Teachers, I don’t expect you to do this alone. You can’t. You need my help, and I need yours. You also deserve some gratitude for a job that often gets you more criticism than praise. Thank you for caring about my kids. I know you would do anything to protect them from harm, and I know their tears hurt you as much as they hurt me. Thank you for the emails and calls to update me on how they’re doing.  I know you want to keep me involved in the process. Thank you for inspiring them to be better people. I know you see their potential.

I want you to know that I have your back. You may not be able to speak out about things like Common Core or other curriculum issues, but I can. I will be loud and persistent because you are valuable, and I don’t want to see you run off because of ridiculous regulations and self-righteous reformers who have never been in a classroom. I recognize I am the worst PTA fundraising and party-planning mom, but I promise to be a great butt-kicking mom who will fight for things that will make our educational system better for you and my children.

I know you want what’s best for the kids, and I’m sorry for not standing up for you sooner.



P.S. –   I am a product of our nation’s public schools.


Parent tutorial: What is conceptual math?
This is not the math you learned during elementary school. The old time-tested methods for long division, borrowing and carrying are no longer used. In their place are tactics such as partial products for multiplication and magic seven for division. Students can no longer provide an answer; they must also show their work and explain the strategy they used to get it.  The techniques work for some students, but the multiple steps can cause great frustration for others and can make it nearly impossible for parents to help with homework.

23 Comments on Dear teachers, I owe you an apology

  1. I teach at my neighborhood home campus around the corner from my house. My grandchildren and their friends go there. My children went there. Obviously I am very invested in this campus as a TEACHER and PARENT/GRANDPARENT in ensuring these students do well in ALL facets of their educational journeys!

    With that said, my 6th grade grandson is having to learn what has been the 6th math TEKS as well as the 7th grade TEKS due to changes at the state level that dropped 7th TEKS to 6th grade. So two years in one year with a sum total of 45 minutes a day for math. My granddaughter is currently taking pre-Alg as a 7th grader so that she will be able to take Algebra 1 next year as an 8th grader in preparation for applying to the Early-College Campus Program as a 9th grader. So for her this year, she is dealing with already jumping a year in math to 8th grade work which means she is learning 7th and 8th TEKS together but ALSO has an extra year of TEKS due to the 9th grade TEKS being dropped to the 8th grade level. She has a WONDERFUL teacher who busts her butt teaching my granddaughter and her classmates but imagine being that teacher who has to crunch 3 years of TEKS objectives into one school year with, again, only 45 min of class per day!! Her teacher just told me yesterday that my granddaughter didn’t pass STAAR math but that many of her classmates didn’t either. Which is the first year ever she has not passed any of the tests! She felt it was her fault and she was too stupid to get it. And her teacher felt it was HER fault because she didn’t have enough time to cram those three years of instruction one year. Which makes me very angry that a wonderful teacher feels this way and I know, without a doubt, that she is an excellent teacher because we did math tutoring after school together!! The kids now feel bad, the teacher feels bad and I feel VERY ANGRY with the system in general that causes this state of affairs.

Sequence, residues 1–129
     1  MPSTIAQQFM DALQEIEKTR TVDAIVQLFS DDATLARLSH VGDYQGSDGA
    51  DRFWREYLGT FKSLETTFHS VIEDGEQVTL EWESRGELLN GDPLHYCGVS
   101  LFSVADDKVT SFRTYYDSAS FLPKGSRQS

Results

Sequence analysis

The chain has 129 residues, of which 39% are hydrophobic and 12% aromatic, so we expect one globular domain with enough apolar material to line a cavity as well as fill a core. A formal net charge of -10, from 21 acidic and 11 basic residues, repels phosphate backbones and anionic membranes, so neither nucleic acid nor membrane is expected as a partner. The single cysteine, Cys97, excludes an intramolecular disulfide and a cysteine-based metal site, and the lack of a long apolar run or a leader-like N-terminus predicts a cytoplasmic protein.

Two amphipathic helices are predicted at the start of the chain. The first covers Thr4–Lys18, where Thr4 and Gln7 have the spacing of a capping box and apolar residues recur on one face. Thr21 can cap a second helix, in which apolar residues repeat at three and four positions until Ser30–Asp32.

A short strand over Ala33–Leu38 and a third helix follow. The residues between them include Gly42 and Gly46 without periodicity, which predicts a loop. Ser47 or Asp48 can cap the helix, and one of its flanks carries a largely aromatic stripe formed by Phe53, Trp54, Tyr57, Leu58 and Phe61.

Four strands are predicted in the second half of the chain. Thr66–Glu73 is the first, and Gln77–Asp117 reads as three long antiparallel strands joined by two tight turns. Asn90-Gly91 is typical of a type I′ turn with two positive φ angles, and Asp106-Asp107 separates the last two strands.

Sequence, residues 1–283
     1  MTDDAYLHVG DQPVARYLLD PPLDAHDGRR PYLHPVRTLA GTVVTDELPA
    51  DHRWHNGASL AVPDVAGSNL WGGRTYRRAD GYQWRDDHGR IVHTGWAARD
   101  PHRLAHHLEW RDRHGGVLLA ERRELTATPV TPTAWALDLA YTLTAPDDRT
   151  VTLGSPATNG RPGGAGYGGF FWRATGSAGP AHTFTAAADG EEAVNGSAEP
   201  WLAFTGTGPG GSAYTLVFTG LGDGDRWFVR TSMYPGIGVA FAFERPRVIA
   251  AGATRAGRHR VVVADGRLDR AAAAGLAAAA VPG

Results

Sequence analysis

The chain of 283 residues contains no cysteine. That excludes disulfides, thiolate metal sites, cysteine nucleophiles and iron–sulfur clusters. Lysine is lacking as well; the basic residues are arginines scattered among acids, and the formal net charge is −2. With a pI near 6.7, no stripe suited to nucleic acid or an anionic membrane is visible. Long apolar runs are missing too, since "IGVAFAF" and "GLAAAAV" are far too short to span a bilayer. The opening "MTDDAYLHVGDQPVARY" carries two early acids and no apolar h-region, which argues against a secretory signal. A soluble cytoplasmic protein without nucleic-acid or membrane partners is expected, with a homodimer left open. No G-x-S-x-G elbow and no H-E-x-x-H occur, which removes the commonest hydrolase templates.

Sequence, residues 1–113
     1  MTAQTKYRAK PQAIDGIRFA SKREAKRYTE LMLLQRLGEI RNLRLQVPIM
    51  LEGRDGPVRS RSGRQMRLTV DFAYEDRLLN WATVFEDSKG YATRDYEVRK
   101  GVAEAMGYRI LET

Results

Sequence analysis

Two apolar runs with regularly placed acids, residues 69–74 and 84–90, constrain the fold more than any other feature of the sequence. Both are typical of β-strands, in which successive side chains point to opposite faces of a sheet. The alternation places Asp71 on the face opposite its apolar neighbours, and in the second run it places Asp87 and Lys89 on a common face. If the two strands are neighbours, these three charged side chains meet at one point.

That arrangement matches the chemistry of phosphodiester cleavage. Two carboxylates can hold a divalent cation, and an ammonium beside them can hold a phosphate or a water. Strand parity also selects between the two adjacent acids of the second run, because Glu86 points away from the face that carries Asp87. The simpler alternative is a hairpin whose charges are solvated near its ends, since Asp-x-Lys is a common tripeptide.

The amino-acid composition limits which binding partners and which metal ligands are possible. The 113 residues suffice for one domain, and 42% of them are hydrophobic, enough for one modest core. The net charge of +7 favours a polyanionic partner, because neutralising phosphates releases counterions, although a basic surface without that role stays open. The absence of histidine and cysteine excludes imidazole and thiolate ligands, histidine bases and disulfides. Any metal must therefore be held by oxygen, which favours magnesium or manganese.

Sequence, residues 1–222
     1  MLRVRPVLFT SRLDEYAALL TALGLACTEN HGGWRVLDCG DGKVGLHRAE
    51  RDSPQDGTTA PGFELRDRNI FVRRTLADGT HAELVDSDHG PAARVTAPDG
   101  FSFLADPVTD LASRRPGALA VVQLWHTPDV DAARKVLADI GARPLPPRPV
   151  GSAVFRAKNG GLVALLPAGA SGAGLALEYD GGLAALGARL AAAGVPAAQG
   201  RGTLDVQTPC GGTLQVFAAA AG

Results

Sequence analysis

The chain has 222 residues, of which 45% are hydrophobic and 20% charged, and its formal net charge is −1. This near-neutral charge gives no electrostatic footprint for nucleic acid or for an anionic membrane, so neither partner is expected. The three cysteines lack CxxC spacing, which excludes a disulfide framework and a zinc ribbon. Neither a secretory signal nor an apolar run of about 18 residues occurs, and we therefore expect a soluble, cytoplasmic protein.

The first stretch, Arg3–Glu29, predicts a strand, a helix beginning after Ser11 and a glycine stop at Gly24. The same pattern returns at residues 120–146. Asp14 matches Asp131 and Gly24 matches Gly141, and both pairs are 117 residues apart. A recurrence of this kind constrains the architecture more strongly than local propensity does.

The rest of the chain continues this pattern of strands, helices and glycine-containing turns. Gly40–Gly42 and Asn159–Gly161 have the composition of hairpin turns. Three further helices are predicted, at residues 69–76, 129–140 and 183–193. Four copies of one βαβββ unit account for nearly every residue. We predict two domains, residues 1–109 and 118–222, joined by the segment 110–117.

I teach special Ed students with emotional disturbances as well as some with learning disabilities. As others have mentioned here, I see special education students with some serious deficits who are required to take the exact same grade level tests as regular Ed students with some accommodations but they are still totally lost and confused.